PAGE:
On the day of the injection you will need to have been starved ‘nil by mouth’ from midnight. On admission Mr Ishaque and Dr E J Da Silva will see you in order to go through the consent and talk you through the procedure.
You will then be taken down to the anaesthetic room where you will greeted by the theatre team and all the necessary checks will be performed for your safety. At this stage Dr Da Silva will place a small cannula in the back of your hand to allow him to deliver the anaesthetic agents during the procedure.
You will then be walked into the theatre itself and shown how to climb onto the operating table in order to get comfortable.
I will then mark your back with a marker pen using the x-ray machine to guide him regarding the entry point for the spinal injections. I will then clean your back using standard surgical iodine and the procedure is carried out using a sterile technique.
You may feel a slight sharp sensation like a pinch which last a few seconds before Dr Da Silva administers the intravenous general anaesthetic which is the local anaesthetic being placed at the needle entry point but often you will already be asleep at this point. You will not feel the actual spinal injection which is much more comfortable and safer for yourself and Mr Ishaque, as he can be sure you will not move at a crucial point during the injection.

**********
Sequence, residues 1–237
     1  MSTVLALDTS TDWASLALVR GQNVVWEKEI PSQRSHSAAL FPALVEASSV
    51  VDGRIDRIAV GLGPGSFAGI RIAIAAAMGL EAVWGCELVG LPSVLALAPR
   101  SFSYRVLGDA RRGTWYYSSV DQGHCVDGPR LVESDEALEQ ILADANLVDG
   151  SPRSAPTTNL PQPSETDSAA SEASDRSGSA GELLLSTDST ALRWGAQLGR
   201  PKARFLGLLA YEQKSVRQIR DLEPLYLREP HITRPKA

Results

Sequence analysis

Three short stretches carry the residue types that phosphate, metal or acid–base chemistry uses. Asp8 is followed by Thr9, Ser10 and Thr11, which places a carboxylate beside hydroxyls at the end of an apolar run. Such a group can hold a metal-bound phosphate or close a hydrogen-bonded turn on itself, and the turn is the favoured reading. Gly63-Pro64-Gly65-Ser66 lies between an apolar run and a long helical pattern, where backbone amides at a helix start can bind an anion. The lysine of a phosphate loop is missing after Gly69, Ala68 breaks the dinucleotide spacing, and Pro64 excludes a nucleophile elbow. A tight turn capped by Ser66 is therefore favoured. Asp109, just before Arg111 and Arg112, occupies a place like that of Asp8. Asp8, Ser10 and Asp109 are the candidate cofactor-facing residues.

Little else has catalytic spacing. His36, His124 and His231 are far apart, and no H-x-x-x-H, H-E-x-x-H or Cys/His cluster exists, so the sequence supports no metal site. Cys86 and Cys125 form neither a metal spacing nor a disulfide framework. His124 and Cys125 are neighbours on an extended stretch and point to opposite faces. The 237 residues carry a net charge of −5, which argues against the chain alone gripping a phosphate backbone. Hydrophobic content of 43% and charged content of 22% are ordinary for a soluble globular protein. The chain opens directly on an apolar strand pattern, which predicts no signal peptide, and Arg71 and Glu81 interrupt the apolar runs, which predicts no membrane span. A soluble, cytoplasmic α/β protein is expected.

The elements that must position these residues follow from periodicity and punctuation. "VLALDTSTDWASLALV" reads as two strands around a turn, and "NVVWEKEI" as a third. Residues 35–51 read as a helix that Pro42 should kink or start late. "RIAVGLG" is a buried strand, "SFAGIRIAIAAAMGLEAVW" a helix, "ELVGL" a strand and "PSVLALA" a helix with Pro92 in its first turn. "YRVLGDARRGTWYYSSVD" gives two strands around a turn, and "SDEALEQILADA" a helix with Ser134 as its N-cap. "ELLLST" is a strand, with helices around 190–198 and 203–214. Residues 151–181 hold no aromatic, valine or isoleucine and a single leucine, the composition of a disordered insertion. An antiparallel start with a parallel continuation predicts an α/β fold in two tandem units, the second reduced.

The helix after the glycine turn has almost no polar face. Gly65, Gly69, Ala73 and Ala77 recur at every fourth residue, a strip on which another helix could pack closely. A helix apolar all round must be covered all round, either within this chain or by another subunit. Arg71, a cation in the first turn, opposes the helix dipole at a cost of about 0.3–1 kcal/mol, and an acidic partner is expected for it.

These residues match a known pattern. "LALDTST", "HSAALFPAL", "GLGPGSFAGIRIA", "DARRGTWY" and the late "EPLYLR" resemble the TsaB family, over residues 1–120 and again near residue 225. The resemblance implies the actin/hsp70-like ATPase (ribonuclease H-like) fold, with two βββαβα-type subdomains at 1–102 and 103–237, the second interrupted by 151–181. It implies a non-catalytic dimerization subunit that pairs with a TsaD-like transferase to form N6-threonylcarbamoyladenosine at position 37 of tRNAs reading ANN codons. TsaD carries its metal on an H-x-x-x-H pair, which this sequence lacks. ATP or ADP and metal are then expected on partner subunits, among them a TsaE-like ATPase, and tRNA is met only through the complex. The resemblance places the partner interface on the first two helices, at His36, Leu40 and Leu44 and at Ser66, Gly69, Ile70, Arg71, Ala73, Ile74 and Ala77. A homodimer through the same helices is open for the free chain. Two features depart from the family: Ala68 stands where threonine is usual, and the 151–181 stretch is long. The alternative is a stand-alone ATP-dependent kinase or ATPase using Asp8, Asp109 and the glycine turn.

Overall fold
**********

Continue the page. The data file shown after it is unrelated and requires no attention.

Please be aware that if you are needle-phobic (very scared of needles) then Dr Da Silva can make sure that you will not even feel this initial injection just under the skin.
Mr Ishaque routinely performs an epidurogram using either Omnipaque or Niopam in order to confirm correct placement of the spinal needle after using x-ray guidance in two planes, taking x-rays from both side to side and from front to back.
Once you have had your injection you will be helped back onto your bed and transferred to the recovery suite. As you have had an epidural injection it is standard practice to monitor your blood pressure for about half an hour before being sent back to the ward.
Once back on the ward you will be able to eat and drink in order to get your blood sugar levels up and you will be asked to rest for 90 minutes to allow the sensation to return to your legs and the effects of the general anaesthetic to wear off.
Usually you will be discharged by about 3pm and you will need to be picked up, as you will not be fit to drive on the day of the injection.